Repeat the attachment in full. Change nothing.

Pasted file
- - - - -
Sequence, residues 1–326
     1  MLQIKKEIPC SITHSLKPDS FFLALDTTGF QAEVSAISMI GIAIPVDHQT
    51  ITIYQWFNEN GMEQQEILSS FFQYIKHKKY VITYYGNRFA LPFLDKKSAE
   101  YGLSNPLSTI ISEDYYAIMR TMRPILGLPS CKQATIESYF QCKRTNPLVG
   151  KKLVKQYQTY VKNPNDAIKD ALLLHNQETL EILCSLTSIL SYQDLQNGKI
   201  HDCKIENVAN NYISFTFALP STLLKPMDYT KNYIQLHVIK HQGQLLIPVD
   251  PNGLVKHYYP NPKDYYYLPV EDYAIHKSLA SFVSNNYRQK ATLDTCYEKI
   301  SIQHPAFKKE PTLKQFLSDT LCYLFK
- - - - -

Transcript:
Sequence, residues 1–326
     1  MLQIKKEIPC SITHSLKPDS FFLALDTTGF QAEVSAISMI GIAIPVDHQT
    51  ITIYQWFNEN GMEQQEILSS FFQYIKHKKY VITYYGNRFA LPFLDKKSAE
   101  YGLSNPLSTI ISEDYYAIMR TMRPILGLPS CKQATIESYF QCKRTNPLVG
   151  KKLVKQYQTY VKNPNDAIKD ALLLHNQETL EILCSLTSIL SYQDLQNGKI
   201  HDCKIENVAN NYISFTFALP STLLKPMDYT KNYIQLHVIK HQGQLLIPVD
   251  PNGLVKHYYP NPKDYYYLPV EDYAIHKSLA SFVSNNYRQK ATLDTCYEKI
   301  SIQHPAFKKE PTLKQFLSDT LCYLFK